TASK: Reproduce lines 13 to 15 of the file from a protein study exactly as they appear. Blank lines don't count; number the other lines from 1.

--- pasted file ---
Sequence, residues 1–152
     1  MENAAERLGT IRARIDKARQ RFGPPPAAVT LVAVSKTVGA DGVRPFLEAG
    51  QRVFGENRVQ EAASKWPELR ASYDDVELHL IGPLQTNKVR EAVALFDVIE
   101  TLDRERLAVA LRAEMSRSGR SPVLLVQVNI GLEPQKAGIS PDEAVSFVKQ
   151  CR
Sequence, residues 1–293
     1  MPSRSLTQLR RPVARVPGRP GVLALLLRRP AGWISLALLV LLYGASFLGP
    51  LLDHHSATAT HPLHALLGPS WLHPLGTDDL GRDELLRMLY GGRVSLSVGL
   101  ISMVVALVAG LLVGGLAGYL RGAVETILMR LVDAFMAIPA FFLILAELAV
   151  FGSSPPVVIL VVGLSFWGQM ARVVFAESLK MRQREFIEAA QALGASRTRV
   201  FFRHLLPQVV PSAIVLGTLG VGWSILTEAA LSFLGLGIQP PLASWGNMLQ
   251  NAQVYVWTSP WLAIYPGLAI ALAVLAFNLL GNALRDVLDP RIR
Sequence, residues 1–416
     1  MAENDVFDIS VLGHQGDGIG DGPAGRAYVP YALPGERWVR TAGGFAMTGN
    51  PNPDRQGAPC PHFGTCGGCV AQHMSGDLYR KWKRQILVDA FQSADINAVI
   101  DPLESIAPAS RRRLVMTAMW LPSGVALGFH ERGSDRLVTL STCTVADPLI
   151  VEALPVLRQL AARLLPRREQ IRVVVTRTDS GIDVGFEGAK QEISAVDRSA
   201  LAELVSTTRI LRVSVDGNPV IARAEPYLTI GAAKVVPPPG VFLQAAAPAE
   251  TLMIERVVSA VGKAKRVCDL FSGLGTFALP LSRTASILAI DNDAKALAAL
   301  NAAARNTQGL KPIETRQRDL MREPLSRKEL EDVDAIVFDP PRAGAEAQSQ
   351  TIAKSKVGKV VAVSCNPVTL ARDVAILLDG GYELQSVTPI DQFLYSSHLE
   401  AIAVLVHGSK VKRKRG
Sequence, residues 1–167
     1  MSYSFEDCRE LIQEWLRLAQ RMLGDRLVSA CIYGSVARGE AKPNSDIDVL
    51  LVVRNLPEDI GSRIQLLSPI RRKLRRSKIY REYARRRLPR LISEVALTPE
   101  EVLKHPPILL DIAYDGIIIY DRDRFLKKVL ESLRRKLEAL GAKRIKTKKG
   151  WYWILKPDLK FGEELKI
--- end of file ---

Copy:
Sequence, residues 1–416
     1  MAENDVFDIS VLGHQGDGIG DGPAGRAYVP YALPGERWVR TAGGFAMTGN
    51  PNPDRQGAPC PHFGTCGGCV AQHMSGDLYR KWKRQILVDA FQSADINAVI